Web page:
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Evolution of Android Malware “The touch, the feel of being tricked into sending premium SMS messages, the worst feeling of our lives” (Part 3)

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by Nathan Collier Android.SMS.FakeInst is a Trojan that aims to do one thing — trick users into sending premium SMS messages by pretending to be an install for an app.  Here’s how the scam works: The user sends three premium SMS messages in exchange for an app, but there is no guarantee that it will actually install anything after they already have your money.  These malicious apps are getting harder and harder to discern as malicious as the look and feel of these apps get better through newer iterations.  One variant of these Trojan apps, which comes from a known malicious […]

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New service converts malware-infected hosts into anonymization proxies

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What happens when a host gets infected with malware? On the majority of occasions, cybercriminals will use it as a launch platform for numerous malicious activities, such as spamming, launching DDoS attacks, harvesting for fresh emails, and account logins. But most interestingly, thanks to the support offered in multiple malware loaders, they will convert the malware-infected hosts into anonymization proxies used by cybercriminals to cover their Web activities. In this post, I’ll profile a newly launched service, offering thousands of malware-infected hosts as Socks4 and Socks5 servers for anonymizing a cybercriminal’s Web activities.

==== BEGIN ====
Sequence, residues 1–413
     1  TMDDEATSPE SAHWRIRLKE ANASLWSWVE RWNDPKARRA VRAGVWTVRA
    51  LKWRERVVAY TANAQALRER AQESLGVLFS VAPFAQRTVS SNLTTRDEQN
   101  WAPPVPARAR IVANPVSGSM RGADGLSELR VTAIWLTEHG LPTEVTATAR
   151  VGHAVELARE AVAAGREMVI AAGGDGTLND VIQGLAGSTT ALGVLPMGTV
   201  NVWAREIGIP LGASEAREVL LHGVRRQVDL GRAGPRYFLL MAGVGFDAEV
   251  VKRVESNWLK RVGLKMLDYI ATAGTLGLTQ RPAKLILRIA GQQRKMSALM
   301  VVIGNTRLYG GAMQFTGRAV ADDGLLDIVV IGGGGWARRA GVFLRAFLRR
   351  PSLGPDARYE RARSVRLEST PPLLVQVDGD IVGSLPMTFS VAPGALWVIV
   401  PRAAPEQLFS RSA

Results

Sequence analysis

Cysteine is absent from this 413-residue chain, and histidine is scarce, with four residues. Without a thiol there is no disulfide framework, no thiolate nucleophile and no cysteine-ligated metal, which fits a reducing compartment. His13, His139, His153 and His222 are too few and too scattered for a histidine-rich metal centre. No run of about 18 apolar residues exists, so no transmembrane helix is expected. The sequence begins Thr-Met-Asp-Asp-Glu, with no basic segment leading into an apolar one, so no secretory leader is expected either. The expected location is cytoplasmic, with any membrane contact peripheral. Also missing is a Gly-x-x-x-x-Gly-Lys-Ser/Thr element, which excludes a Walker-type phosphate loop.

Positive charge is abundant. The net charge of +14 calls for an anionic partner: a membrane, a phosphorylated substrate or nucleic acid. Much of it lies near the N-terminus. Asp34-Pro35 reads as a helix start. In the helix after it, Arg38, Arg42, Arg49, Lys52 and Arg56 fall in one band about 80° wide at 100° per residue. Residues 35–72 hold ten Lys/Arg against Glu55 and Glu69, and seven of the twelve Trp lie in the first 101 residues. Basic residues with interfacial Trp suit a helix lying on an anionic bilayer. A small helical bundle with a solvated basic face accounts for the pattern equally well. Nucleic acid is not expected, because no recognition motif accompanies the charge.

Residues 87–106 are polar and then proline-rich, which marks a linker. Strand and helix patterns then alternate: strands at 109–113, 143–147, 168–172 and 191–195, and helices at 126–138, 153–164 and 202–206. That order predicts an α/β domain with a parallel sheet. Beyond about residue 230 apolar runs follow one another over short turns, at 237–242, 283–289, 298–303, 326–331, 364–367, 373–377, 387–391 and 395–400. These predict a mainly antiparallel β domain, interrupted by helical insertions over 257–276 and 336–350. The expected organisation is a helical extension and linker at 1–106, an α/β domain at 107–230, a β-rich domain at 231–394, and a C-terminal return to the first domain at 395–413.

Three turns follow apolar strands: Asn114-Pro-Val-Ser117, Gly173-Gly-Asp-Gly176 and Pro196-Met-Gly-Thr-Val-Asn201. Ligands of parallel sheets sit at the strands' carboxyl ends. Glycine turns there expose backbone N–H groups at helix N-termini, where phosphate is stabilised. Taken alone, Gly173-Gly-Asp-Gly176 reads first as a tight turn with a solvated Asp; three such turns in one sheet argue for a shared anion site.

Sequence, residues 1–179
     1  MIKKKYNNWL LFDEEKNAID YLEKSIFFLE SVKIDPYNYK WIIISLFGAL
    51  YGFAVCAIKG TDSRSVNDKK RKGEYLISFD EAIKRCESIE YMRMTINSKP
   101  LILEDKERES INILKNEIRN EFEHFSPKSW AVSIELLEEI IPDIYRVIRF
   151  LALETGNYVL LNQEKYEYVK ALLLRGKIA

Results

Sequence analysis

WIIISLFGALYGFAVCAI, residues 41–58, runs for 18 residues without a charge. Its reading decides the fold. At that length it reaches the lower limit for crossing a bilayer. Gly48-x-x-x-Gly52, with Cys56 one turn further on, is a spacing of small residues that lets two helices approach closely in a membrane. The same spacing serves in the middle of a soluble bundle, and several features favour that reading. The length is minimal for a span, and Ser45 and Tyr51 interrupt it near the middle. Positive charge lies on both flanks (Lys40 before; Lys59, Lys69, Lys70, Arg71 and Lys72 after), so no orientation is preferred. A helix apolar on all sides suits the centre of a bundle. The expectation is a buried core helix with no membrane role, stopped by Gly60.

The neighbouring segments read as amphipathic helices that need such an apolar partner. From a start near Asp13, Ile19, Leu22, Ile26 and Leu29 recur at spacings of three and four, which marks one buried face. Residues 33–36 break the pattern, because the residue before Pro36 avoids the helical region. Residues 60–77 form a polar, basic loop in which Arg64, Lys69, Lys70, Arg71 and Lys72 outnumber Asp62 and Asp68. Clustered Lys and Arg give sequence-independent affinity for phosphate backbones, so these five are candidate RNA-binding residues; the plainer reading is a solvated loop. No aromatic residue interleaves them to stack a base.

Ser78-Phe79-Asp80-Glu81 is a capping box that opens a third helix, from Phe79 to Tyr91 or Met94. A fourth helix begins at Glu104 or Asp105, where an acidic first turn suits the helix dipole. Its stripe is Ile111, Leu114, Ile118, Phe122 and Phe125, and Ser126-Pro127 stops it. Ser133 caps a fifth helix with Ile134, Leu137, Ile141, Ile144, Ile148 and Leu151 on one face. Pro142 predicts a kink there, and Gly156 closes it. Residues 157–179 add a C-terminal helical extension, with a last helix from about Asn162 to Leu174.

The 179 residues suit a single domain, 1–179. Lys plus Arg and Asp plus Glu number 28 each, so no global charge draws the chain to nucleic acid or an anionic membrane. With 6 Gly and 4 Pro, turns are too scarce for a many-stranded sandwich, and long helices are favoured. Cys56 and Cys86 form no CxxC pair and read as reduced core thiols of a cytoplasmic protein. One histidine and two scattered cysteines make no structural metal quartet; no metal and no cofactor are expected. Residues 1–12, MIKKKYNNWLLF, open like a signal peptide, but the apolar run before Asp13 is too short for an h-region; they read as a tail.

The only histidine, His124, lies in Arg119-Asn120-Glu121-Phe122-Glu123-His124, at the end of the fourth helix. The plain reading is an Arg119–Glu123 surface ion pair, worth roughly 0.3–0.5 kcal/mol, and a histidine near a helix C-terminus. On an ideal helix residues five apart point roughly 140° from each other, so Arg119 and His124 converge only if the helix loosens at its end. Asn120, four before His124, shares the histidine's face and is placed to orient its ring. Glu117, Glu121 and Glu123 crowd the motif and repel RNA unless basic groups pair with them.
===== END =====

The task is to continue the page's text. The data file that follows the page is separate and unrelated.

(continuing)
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BlackHole exploit kits gets updated with new features

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According to independent sources, the author of the most popular web malware exploitation kit currently dominating the threat landscape, has recently issued yet another update to the latest version of the kit v1.2.2. More details:

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A peek inside the Elite Malware Loader

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Just like today’s modern economy, in the cybercrime ecosystem supply, too, meets demand on a regular basis. With malware coding for hire propositions increasing thanks to the expanding pool of talented programmers looking for ways to enter the cybercrime ecosystem, it shouldn’t be surprising that  cybercriminals are constantly releasing new malware loaders, cryptors, remote access trojans, or issuing updates to web malware exploitation kits on a periodic basis, using the outsourcing market model. Continuing the “Peek inside…” series, in this post I’ll profile the Elite Malware Loader. In the wild since 2009,  the malware loader is still under active development […]